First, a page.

Joy revision | Test driving the new Audi A3 Cabriolet


Derek Guthrie takes the new Audi A3 Cabriolet for a spin and wonders: is it possible to actually enjoy driving anymore?

Joy revision | Test driving the new Audi A3 Cabriolet

I remember the pleasure of motoring. Before councils realised they could make millions from parking tickets; before cars became anti-social and cities struggled with semi-permanent gridlock; before drivers became “hapless”. And I’ve just relived it, courtesy of the good people at Audi, who have a new car out. It’s a sports model, an open-to-the-skies sleek A3 Cabriolet, the stuff of adolescent petrolhead dreams; it even comes in bright red, among other colours.

Rather than doing something normal with the car – a school run, sit stationary on the M25 orbital motorway for three hours, or try to find a space outside the supermarket – I was allowed to drive round the New Forest, several hundred acres of Hampshire pasture and trees populated by wild ponies and tame pigs, interspersed with dinky villages and comfortably expensive pubs.

Spring had sprung, and while the signs of flooding were still visible, the sunshine meant that I could pootle along little lanes in fresh air, splash through fords while admiring thatched roofs, and listen to CeeLo Green or The Clash on the in-car jukebox – an 14 speaker, 705 watt Bang & Olufsen entertainment system that would enhance many a home (although you’re unlikely to need the satnav app to find the bathroom). I let rip on the motorway – OK the A338 to Ringwood – still with the roof down, but adjusting the volume to “White Riot” was unnecessary as this thing is so aerodynamically handsome, the wind sweeps past almost silently.

Audi A3 Cabriolet review

The new Audi A3 Cabriolet

I opted for an automatic 1.8 which was possibly the laziest thing I’ve done in a while. My left hand, unemployed due to the absence of a gear stick, was left to twiddle the single dial that controls all that music and navigation snaffoofery, and a button which raises and lowers the roof, even while you’re driving – almost certainly a source of some amusement to those horses. I didn’t even have to fiddle with the key, which mysteriously lay on the central console the entire time I was driving. I don’t want to get too technical here, but I think it’s a magic key.

I think that’s pretty good value for a dream car which is hugely enjoyable to zoom around in, will retain its value, and comes with a sterling pedigree

How could you not like a sports car in the sunshine, swishing through some of the most beautiful countryside in England?  Certainly my test drive was fun, but it wasn’t just a fantasy.  This is where the wake-up klaxon sounds, because lots and lots of people buy these cars. The A3 Cabriolet’s predecessors have been hugely successful. There are 38 different Audi models out there now, from hairdresser’s runabouts to the muscular R8 Spyders that start at £100K.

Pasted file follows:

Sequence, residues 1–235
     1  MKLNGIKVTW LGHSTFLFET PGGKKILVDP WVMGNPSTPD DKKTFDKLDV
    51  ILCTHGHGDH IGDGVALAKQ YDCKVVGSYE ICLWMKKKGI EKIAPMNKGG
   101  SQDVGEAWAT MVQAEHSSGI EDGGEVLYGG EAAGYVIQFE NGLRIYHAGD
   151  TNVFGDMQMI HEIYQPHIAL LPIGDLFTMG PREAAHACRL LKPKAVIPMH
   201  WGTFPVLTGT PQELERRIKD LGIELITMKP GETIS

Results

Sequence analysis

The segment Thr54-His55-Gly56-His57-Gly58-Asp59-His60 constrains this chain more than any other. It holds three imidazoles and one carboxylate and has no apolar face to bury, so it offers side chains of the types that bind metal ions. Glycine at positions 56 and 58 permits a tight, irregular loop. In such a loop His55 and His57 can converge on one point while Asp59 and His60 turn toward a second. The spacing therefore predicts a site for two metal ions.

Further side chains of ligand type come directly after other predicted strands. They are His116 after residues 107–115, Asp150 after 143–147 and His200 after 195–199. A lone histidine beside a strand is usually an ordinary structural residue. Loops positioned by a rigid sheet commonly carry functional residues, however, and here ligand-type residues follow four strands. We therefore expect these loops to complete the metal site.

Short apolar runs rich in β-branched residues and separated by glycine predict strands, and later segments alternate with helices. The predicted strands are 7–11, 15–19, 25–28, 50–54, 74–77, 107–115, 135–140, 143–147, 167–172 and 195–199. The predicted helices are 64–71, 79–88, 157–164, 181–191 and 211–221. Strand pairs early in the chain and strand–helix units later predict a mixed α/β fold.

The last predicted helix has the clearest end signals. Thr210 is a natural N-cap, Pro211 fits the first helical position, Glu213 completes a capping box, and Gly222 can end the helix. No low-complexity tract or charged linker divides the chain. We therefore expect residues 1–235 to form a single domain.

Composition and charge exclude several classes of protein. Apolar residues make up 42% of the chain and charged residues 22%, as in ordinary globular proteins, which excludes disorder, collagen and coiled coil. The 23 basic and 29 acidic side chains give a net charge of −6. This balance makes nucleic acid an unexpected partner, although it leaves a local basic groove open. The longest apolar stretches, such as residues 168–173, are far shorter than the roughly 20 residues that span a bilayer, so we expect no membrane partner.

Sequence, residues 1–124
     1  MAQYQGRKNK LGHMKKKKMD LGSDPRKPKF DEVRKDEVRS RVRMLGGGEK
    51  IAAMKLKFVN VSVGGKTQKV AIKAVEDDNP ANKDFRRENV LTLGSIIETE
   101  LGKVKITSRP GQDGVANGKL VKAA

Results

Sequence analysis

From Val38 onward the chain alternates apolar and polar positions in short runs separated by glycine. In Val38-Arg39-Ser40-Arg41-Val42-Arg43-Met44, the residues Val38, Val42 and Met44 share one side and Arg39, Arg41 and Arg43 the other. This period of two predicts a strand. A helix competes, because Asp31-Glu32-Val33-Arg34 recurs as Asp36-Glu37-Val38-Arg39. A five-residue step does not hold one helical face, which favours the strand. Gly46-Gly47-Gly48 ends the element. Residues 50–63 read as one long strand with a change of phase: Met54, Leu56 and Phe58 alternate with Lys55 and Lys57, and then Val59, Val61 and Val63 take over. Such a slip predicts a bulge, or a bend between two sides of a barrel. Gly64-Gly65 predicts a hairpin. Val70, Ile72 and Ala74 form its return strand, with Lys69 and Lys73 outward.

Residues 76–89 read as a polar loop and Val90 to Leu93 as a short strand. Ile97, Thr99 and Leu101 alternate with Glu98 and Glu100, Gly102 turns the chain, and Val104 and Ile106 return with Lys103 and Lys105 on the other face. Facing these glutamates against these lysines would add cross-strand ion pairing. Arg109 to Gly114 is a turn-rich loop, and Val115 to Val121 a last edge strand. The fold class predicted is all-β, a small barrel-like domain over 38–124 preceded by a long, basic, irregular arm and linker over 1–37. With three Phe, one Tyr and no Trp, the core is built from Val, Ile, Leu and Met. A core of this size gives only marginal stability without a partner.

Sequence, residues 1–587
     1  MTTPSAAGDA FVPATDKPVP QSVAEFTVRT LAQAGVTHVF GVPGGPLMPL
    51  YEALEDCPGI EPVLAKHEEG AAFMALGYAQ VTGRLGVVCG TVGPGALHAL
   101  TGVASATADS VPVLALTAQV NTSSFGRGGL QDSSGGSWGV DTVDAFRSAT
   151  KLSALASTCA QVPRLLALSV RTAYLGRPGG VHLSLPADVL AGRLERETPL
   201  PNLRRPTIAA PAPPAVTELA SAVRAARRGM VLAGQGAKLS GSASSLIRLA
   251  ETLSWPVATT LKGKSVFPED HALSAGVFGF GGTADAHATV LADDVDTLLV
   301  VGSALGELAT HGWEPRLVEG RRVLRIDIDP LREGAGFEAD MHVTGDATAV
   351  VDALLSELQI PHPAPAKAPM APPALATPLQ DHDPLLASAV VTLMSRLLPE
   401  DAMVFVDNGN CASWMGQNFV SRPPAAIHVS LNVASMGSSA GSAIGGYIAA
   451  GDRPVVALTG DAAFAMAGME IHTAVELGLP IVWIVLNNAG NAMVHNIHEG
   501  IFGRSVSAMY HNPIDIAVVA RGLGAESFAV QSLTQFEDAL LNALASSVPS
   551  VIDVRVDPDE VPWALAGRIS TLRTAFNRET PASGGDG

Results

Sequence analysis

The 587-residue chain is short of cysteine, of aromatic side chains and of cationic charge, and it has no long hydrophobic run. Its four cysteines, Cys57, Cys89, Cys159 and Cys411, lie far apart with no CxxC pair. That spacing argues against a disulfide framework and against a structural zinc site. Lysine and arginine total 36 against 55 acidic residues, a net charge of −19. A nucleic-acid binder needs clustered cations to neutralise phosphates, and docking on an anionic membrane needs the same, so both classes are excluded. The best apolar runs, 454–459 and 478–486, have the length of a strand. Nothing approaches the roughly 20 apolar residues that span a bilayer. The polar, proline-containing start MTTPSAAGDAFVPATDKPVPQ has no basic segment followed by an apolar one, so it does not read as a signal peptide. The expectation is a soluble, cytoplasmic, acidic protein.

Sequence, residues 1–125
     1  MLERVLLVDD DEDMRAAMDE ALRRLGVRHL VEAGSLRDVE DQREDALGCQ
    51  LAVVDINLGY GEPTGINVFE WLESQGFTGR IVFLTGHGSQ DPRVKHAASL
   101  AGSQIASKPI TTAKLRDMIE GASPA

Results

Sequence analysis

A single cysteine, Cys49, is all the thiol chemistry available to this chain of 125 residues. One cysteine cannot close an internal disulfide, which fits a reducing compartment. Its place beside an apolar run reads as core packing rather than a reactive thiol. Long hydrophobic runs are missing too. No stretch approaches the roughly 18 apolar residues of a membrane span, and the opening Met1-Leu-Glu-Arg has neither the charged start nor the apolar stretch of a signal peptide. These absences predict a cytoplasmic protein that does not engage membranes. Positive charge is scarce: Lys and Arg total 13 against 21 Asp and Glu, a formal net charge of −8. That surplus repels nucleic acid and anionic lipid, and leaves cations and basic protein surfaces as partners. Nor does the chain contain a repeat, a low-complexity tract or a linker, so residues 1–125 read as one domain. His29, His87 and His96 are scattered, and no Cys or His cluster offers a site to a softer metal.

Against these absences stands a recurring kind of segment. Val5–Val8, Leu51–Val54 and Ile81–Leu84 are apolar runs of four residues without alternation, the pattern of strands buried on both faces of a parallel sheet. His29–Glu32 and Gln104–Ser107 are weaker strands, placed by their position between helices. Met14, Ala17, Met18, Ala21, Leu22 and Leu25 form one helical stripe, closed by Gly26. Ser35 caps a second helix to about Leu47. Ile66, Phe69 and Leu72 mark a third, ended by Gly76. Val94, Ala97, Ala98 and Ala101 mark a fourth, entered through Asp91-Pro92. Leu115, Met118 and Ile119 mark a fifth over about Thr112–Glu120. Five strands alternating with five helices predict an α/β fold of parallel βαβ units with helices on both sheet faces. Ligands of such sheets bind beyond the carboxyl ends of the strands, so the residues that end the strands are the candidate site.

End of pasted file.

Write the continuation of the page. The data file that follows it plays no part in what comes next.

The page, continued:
The A3 Cab is somewhere north of £25k, depending on how much torque and pizzazz you want to add to the basic model, but I think that’s pretty good value for a dream car which is hugely enjoyable to zoom around in, will retain its value, and comes with a sterling pedigree, sold to Brits originally as “Vorsprung durch Technik”, one of advertising’s great slogans, mainly because it’s in German.

That’s all we needed to know, apparently: that advancement through technology was the answer to our social status neuroses. Our class-ridden foibles and peer group anxieties would disappear if we just bought an Audi. And while that certainly worked, the foundation is even more instructive. The parent group, Volkswagen, now extends to Audi, Seat, Skoda, as well as Bentley, Bugatti, and Lamborghini, but nearly half the profits come from Audi. It’s a hugely successful car marque, created from the highest standards of engineering precision in Bavaria.

Plus, of course, getting CeeLo Green into the glove compartment is no mean trick

And in Germany, that matters more than silly spoilers and trim. At VW’s main plant in Wolfsburg, Lower Saxony, customers  are so pleased and proud of their new cars that they come to collect them from the factory door, and take guided tours around the shop floor. You can even spend the day (or the weekend) next door at Autostadt, an Expo for the car world, to satisfy your enormous interest in the detail of Audi manufacture at their own giant educational pavilion. Standing in the middle of that German motor manufacturing miracle, it’s impossible not to grasp the sense of pride, never mind the prosperity. It’s fabulously successful because the products are bloody good. Along with rivals BMW and Mercedes, it’s an industry (with apologies for the indulgent punning) that drives the engine of the European economy.

So my sexy, sleek, lightweight ergonomically designed A3 Cabriolet doesn’t just look good, it’s politically and economically important too! It doesn’t just feel comfortable with its heated seats, dual zone aircon, and fuel saving tricks aplenty, but it comes with a whole book of Top Gear facts and figures about performance; petrolheads can drool over something detailed therein called the Technology Drivetrain. It’s at the very zenith of automotive engineering. Plus, of course, getting CeeLo Green into the glove compartment is no mean trick.

Before leaving the New Forest, I traded in my Lazy Susan disguise and raced off in a butch, two-litre diesel manual model.  With a gear stick and everything.  As I streaked across the heathland, I came up with a replacement for Audi’s famous slogan. In English too.

“European. Goes like shit off a shovel.”

Expect to see that on billboards across the land very soon. C